Yet the U.S. intensive meat industry continues to wash its hands of any responsibility for the emergence of dangerous antibiotic-resistant bacteria. The likes of the National Cattlemen's Beef Association, National Chicken Council, National Pork Producers Council, American Meat Institute and other industry bodies claim "there is no conclusive scientific evidence that shows the use of antibiotics on farms contributes significantly to an increase in antibiotic resistance in humans."
So when it comes to protecting your future health, and the health of your family, who would you rather trust? The WHO, the U.K. Government's Chief Medical Officer, and the U.S. CDC? Or a motley crew of industry-funded lobbying organizations whose sole remit is to protect the interests of the big industrial meat corporations?
Imhoff's new campaign isn't calling for Walmart's suppliers to stop using antibiotics completely. That would be counter-productive, as I've explained before. The campaign is calling on Walmart to end the unnecessary and indiscriminate use and abuse of antibiotics by ensuring its suppliers only use these vital medicines to treat sick and injured animals. That way, we can ensure these lifesaving drugs will still work when you or your loved ones need them most. As Walmart is one of the biggest purchasers of meat purchased in the U.S., Imhoff knows that if we can convince Walmart to only sell meat that's been produced without routine low doses of antibiotics we can effectively put the brakes on the rampant rise of antibiotic-resistant bacteria.
And Walmart can achieve this. Walmart knows its supply chain intimately and unlike lesser retailers out there, maintains strict control over its supply chain. As the nation's largest retailer -- and largest buyer of agricultural products -- Walmart could literally end the indiscriminate abuse of antibiotics on factory farms with one stroke of the pen. That is, so long as its customers, you and I, demand it. (1)
Of course, the meat industry lobbying groups will claim that a ban on the routine subtherapeutic use of antibiotics would not only devastate the world-leading U.S. farming industry, but would also dramatically increase food costs. Yet such claims are nothing but hogwash. The sad truth is that when it comes to responsible antibiotic use in farming, the mighty U.S. livestock farming industry is actually years behind the European Union. To be precise, we're at least seven years behind the whole E.U., 15 years behind Denmark, and 27 years behind Sweden in banning non-therapeutic uses of medically important antibiotics in farming. (3) Europe's livestock industry appears to have survived without any dramatic reduction in efficiency of meat production, nor has the cost of food in Europe skyrocketed as a resulted. Why not here?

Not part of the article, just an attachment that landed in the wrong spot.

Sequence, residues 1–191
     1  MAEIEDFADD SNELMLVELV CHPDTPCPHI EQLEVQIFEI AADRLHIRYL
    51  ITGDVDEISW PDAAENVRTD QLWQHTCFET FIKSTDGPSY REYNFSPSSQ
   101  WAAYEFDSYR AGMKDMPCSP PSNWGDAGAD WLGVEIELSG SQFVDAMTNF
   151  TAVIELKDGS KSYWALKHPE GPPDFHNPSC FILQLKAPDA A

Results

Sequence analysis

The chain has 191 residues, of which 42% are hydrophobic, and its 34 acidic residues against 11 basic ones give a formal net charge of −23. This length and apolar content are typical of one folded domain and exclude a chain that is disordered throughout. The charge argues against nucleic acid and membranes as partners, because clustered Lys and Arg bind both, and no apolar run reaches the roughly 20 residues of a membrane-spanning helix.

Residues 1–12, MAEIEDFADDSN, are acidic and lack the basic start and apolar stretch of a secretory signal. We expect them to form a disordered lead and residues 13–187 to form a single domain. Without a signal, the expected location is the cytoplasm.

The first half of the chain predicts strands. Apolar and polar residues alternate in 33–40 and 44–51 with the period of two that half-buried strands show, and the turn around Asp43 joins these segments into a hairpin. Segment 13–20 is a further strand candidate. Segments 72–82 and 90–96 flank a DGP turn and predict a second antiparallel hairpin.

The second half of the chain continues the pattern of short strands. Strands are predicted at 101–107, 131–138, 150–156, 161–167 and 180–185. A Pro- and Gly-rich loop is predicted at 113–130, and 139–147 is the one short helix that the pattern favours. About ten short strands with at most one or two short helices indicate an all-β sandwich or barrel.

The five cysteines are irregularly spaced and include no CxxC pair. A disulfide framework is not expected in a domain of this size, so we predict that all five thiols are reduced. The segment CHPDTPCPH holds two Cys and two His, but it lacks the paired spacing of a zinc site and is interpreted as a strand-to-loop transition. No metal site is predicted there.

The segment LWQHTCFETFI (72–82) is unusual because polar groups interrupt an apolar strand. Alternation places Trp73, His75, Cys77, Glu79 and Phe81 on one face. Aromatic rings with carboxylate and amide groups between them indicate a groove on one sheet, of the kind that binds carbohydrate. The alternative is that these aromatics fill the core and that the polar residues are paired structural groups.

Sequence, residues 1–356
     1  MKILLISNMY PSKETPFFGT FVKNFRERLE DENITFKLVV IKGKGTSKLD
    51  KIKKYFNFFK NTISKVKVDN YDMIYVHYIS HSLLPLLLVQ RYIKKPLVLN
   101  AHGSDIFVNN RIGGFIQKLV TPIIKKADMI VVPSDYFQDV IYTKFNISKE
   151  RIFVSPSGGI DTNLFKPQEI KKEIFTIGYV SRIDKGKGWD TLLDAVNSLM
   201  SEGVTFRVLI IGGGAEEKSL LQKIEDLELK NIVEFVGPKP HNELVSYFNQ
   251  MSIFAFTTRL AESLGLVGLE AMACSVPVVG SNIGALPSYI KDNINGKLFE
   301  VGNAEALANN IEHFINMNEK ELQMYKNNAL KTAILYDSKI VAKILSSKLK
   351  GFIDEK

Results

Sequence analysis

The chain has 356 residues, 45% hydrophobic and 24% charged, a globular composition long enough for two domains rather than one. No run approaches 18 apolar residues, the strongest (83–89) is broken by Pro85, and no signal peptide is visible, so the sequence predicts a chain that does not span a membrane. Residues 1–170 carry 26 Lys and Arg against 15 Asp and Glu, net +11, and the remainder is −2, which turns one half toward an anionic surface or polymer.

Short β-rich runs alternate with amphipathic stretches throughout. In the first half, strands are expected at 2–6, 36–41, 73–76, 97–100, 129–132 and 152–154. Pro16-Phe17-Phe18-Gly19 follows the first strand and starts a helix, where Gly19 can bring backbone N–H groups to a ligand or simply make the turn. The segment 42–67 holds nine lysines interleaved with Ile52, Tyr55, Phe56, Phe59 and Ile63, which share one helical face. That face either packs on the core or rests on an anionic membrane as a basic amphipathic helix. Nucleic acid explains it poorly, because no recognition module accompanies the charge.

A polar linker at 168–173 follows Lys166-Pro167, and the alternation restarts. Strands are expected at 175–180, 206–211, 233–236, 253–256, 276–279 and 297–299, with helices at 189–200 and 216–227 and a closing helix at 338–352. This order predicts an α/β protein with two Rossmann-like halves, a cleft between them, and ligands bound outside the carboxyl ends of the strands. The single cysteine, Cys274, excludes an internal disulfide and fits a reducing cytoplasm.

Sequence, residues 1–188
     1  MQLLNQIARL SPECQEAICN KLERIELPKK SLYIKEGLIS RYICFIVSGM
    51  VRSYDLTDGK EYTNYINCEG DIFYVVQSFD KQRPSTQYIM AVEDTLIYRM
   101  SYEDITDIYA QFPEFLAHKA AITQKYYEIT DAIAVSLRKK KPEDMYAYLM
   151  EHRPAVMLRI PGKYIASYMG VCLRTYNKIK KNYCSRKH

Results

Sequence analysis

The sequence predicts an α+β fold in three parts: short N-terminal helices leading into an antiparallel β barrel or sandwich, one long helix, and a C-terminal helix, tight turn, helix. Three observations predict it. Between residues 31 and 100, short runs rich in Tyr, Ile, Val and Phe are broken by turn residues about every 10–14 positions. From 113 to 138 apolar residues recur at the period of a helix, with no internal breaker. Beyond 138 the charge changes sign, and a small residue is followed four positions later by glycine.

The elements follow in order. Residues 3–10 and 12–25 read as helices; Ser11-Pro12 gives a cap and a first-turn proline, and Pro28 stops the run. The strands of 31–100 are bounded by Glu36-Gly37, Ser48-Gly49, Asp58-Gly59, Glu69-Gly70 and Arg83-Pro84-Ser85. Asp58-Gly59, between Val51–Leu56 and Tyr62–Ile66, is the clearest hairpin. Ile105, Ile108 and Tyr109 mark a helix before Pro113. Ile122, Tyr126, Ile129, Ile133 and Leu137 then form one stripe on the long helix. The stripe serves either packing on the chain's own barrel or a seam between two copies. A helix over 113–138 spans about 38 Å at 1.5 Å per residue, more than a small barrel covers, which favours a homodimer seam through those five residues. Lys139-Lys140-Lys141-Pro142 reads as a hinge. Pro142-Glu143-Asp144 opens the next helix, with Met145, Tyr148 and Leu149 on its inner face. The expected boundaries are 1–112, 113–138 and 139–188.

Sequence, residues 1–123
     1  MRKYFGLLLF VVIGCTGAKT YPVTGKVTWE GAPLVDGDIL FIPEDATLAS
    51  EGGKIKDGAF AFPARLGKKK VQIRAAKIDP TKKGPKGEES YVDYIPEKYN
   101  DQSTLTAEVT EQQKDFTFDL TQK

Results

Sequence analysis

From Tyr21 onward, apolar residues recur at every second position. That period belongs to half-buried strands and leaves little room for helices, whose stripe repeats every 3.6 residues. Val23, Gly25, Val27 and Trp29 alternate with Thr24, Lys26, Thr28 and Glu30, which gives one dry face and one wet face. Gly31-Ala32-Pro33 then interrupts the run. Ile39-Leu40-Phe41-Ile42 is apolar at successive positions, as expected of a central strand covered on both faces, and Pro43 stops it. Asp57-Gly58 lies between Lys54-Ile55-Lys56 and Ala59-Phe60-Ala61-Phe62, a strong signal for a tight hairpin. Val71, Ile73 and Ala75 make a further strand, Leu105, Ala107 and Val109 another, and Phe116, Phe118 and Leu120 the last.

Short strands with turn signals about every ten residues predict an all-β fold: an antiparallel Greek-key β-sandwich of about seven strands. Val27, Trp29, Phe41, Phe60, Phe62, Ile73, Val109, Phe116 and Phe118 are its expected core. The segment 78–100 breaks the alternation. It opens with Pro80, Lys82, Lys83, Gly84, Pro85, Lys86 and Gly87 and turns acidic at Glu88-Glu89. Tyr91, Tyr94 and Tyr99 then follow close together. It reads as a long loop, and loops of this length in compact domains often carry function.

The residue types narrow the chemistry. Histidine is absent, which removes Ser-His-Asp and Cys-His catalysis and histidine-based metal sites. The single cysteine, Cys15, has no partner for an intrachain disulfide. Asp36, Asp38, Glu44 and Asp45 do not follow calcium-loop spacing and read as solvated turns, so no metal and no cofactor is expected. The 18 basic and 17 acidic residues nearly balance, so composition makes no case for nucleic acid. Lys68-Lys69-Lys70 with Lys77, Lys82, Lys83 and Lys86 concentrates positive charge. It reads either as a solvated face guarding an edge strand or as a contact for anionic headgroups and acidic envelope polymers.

When it comes to the threat of antibiotic-resistant bacteria to public health, don't expect the Government to do anything to protect you, either. Instead of working on behalf of U.S. citizens as our industry watchdog, the U.S. FDA continues to play the role of Big Ag's lapdog. Over the years, the FDA has routinely ignored the mounting scientific evidence on the links between antibiotic abuse in industrial farming and antibiotic-resistant bacteria. Far from putting public safety first, the FDA has repeatedly cowed down to powerful political and legal pressure from the multi-billion dollar intensive farming industry lobby and its paid-up politicians, allowing antibiotic use in farming to spiral out of control. Even the Government Accountability Office recently concluded that key government agencies -- including the FDA -- are simply not doing enough to combat the growing threat of antibiotic resistant bacteria to public health, and that "antibiotic use in food animals contributes to the emergence of resistant bacteria that may affect humans." No, I'm afraid the fate and continuing efficacy of these vitally important medicines lies entirely in our hands -- or, more accurately, our wallets.
So, in the face of ever-mounting consumer concern about the link between industrial livestock farming and the rise of life-threatening antibiotic resistant bacteria, the big question is this: Will Walmart choose to support what is, in effect, a desperate last stand by the handful of misguided corporations which currently control the livestock farming industry to protect their own interests and to maintain the status quo?
Or will the world's leading food retailer recognize that it has a duty to not only ensure its food is safe, but that it also has a moral responsibility to do all it can to protect the future health and wellbeing of its millions of customers from what the World Health Organization has described as "one of the gravest threats known to human health"?
Please sign the petition to call on Walmart to support healthier animal farming. Together, we can encourage Walmart to show real leadership in reforming the meat industry and ensure these vital medicines remain effective for as long as possible. For all of our sakes.
1. Hauter, Wenonah (2013) Foodopoly: The Battle Over the Future of Food and Farming in America, The New Press, Chapter 3, pg 71.
2. U.S. Department of Agriculture (2009), "The Transformation of U.S. Livestock Agriculture: Scale, Efficiency, and Risks," page 33.
3. Microbe, Volume 6, Number 6, 2011, page 274.